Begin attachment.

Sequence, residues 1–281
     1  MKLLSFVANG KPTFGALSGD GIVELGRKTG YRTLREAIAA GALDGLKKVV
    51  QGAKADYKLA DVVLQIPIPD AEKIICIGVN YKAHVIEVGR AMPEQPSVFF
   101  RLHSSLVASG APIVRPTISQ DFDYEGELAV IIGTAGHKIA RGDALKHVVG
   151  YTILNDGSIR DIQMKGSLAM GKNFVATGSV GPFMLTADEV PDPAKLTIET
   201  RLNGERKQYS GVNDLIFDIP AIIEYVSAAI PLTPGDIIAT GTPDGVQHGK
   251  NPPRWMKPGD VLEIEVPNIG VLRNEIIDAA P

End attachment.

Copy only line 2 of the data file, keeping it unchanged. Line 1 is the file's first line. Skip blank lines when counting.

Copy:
     1  MKLLSFVANG KPTFGALSGD GIVELGRKTG YRTLREAIAA GALDGLKKVV